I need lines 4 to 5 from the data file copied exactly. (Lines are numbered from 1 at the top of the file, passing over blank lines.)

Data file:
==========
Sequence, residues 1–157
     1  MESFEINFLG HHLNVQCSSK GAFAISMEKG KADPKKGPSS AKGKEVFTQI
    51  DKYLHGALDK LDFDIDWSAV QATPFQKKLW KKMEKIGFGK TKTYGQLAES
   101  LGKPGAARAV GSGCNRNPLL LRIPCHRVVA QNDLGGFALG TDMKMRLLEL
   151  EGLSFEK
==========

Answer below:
   101  LGKPGAARAV GSGCNRNPLL LRIPCHRVVA QNDLGGFALG TDMKMRLLEL
   151  EGLSFEK